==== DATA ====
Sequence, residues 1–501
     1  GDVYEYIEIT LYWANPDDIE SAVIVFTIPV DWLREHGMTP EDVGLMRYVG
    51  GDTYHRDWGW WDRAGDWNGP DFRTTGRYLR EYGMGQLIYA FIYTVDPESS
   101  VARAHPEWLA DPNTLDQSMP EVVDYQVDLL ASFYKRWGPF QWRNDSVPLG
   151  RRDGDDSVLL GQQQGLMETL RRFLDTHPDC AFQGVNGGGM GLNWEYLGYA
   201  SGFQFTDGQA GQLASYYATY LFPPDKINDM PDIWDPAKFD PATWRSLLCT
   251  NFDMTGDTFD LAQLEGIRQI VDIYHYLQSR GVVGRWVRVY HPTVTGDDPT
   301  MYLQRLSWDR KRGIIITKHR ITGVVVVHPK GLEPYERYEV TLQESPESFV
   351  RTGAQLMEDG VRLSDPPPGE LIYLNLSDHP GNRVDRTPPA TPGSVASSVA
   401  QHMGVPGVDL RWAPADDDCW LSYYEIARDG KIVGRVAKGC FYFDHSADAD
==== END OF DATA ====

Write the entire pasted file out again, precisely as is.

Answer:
Sequence, residues 1–501
     1  GDVYEYIEIT LYWANPDDIE SAVIVFTIPV DWLREHGMTP EDVGLMRYVG
    51  GDTYHRDWGW WDRAGDWNGP DFRTTGRYLR EYGMGQLIYA FIYTVDPESS
   101  VARAHPEWLA DPNTLDQSMP EVVDYQVDLL ASFYKRWGPF QWRNDSVPLG
   151  RRDGDDSVLL GQQQGLMETL RRFLDTHPDC AFQGVNGGGM GLNWEYLGYA
   201  SGFQFTDGQA GQLASYYATY LFPPDKINDM PDIWDPAKFD PATWRSLLCT
   251  NFDMTGDTFD LAQLEGIRQI VDIYHYLQSR GVVGRWVRVY HPTVTGDDPT
   301  MYLQRLSWDR KRGIIITKHR ITGVVVVHPK GLEPYERYEV TLQESPESFV
   351  RTGAQLMEDG VRLSDPPPGE LIYLNLSDHP GNRVDRTPPA TPGSVASSVA
   401  QHMGVPGVDL RWAPADDDCW LSYYEIARDG KIVGRVAKGC FYFDHSADAD